Probiotics, Homocysteine and Your Heart

Homocysteine is an independent risk factor for heart disease. B vitamins have been shown to lower homocysteine, but unfortunately this does not protect from heart disease. So, what to do about high homocysteine? A study has recently shown that probiotics can help to lower homocysteine. Perhaps this is the approach we have been searching for?

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Probiotics, Homocysteine, and Your Heart

Dr. Michael Ruscio: Hi, this is Dr. Ruscio. And homocysteine is essentially a protein that can damage your arteries and is an independent risk factor for heart disease. Now, the question then is what can you do about homocysteine that may help protect your heart?

Well, recently in our podcast, we went through a very intensive review of all the medical literature showing that, by lowering—which would be improving because high homocysteine is bad, and lower homocysteine is good. So by lowering homocysteine with B vitamins, consistently, it’s been shown to have no impact on heart disease.

However, what this may tell us is that homocysteine may not be something that we can simply lower with a vitamin, per se, to have a beneficial effect. It may be that homocysteine is telling us that there’s something wrong in the body.

And that is what needs to be treated in order to lower the homocysteine in order to improve someone’s health because again, right now, if you use a B vitamin, yes, we can lower homocysteine. But no, that does not correlate with any decrease in cardiovascular disease or death.

So then what else might we be able to do? Or how else can we address this high homocysteine that’s an independent risk factor for heart disease. Again, independent, meaning irrespective of your weight, your blood pressure, your cholesterol levels. Homocysteine, if increased, does correlate with an increased risk for cardiovascular disease.

A recent study Trusted SourcePubMedGo to source published offers some very interesting information that I think makes a lot of sense. In this study, subjects that had high homocysteine were given a probiotic. And this was a very traditional probiotic, a combination of lactobacillus and bifidobacterium. And what this did was it helped to increase the amount of these bacteria in the gut. That then increased B12 and folate production naturally. And then that correlated to a decrease in homocysteine. So we’re achieving the same endpoint here of lowering homocysteine, but we’re doing it through giving a probiotic.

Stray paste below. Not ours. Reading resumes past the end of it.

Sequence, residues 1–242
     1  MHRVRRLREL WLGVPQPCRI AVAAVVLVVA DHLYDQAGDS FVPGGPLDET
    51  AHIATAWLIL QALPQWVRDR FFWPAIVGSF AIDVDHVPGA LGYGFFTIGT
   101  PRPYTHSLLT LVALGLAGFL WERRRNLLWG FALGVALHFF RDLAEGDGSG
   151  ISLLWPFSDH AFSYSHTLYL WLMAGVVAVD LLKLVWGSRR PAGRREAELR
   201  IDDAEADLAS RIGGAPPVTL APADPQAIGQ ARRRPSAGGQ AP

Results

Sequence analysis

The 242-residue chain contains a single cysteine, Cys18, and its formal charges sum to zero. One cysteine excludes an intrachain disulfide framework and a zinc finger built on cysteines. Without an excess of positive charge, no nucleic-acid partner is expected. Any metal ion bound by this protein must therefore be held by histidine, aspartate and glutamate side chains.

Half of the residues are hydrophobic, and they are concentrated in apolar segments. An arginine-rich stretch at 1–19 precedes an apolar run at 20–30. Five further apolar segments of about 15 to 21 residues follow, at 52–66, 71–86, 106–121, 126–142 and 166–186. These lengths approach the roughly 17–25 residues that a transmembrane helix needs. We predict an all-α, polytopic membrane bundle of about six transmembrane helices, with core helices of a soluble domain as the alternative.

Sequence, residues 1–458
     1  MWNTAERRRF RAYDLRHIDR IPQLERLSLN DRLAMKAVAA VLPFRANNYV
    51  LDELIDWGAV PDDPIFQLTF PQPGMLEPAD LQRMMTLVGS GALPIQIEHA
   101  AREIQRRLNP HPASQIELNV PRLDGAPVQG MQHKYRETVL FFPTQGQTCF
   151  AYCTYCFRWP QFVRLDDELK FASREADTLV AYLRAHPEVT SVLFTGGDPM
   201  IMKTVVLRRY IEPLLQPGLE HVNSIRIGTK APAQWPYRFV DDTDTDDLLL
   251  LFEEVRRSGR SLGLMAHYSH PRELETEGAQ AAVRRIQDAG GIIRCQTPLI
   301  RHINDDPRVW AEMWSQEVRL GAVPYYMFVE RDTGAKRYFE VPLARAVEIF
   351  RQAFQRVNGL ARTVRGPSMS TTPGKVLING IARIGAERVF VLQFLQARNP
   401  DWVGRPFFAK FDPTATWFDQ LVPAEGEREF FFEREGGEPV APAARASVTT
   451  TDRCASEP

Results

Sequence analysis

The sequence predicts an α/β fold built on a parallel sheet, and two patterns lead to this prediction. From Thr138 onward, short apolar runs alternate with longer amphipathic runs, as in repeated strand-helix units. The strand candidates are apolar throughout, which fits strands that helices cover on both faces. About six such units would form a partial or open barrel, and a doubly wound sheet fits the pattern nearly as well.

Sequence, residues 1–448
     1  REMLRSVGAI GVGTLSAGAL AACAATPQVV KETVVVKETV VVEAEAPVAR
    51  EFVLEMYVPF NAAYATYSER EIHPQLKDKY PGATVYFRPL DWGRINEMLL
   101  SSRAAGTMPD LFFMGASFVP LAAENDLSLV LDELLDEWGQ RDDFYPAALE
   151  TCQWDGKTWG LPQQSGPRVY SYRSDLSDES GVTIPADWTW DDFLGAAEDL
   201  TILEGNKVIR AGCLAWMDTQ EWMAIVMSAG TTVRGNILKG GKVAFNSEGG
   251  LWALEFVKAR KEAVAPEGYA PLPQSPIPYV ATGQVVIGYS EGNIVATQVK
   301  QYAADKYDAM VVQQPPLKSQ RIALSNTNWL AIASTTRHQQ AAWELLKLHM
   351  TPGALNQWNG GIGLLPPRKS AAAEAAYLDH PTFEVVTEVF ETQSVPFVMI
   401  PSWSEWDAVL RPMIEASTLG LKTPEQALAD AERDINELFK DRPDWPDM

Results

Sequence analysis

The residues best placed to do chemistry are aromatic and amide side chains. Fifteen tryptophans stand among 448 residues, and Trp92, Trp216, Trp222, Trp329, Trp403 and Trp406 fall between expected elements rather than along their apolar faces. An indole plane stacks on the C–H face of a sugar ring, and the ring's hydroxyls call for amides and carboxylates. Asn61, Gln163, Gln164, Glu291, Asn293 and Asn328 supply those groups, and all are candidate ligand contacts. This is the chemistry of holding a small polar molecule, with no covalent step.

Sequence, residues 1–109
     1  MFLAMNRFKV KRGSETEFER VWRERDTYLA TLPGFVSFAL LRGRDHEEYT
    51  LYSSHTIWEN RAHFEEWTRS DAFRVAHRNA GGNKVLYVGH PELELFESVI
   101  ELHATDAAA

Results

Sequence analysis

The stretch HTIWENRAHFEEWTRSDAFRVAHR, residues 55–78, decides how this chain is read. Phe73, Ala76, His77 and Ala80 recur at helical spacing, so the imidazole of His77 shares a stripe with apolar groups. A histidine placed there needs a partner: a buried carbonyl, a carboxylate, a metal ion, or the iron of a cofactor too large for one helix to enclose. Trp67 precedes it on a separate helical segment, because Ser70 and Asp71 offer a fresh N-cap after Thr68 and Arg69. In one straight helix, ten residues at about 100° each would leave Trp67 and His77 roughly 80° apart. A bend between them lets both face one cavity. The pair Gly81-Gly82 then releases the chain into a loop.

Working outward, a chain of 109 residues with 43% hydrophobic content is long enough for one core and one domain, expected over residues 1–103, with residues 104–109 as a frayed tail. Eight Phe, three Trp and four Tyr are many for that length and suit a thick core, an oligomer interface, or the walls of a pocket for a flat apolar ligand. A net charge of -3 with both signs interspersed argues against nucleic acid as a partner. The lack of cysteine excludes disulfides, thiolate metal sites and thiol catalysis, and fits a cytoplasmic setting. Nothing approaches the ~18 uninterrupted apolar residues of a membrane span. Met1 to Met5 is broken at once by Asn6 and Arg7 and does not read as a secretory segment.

So potentially, what this may mean is that homocysteine may be ultimately a sign of dysbiosis or imbalance in the gut. And by giving or restoring the correct bacterial balance in the gut, we can then allow those bacteria to produce the natural B vitamins that they produce, amongst many other things. And this all creates an environment that lowers homocysteine.

Now, what we don’t know is how this specific trial correlates with heart disease because it wasn’t long enough, and it didn’t really track that. But there have been some initial trials showing that probiotics do have favorable impacts on things like cholesterol levels and inflammation.

So there is still much that we have to learn here about the long-term effects of probiotics on hopefully improving cardiovascular disease. But I think this is a very interesting study that shows a different approach for lowering homocysteine through the gut that will hopefully be shown to have a long-term benefit on cardiovascular disease.

One final point here I should mention that I think is very important. There is increasing discussion about a subset of cardiovascular disease that is autoimmune in nature. And if you think about the pathophysiology of much of heart disease, it has to do with immune activation against cholesterol. And we know that the largest density of immune cells in the body is in the small intestines.

So, again, another tie-back—again, theoretical, so we have to be cautious—but another tie-in to how modulating the gut may help with the immune system, may help with heart disease. And also modulating the gut may help with B vitamin production, homocysteine metabolism, homocysteine levels, and hopefully heart disease.

So in short, a better approach may be—again, we don’t know this for sure—to use probiotics in attempts to lower homocysteine. And hopefully, this will have a positive impact on cardiovascular disease. Certainly, there have been many benefits to probiotics outside of cardiovascular disease that have been well documented. So we don’t need a really strong support rationale to suggest to try a probiotic, track your homocysteine, see if it has a positive impact.

So this is Dr. Ruscio. I hope this information helps you get healthy and get back to your life. Thanks!

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Discussion

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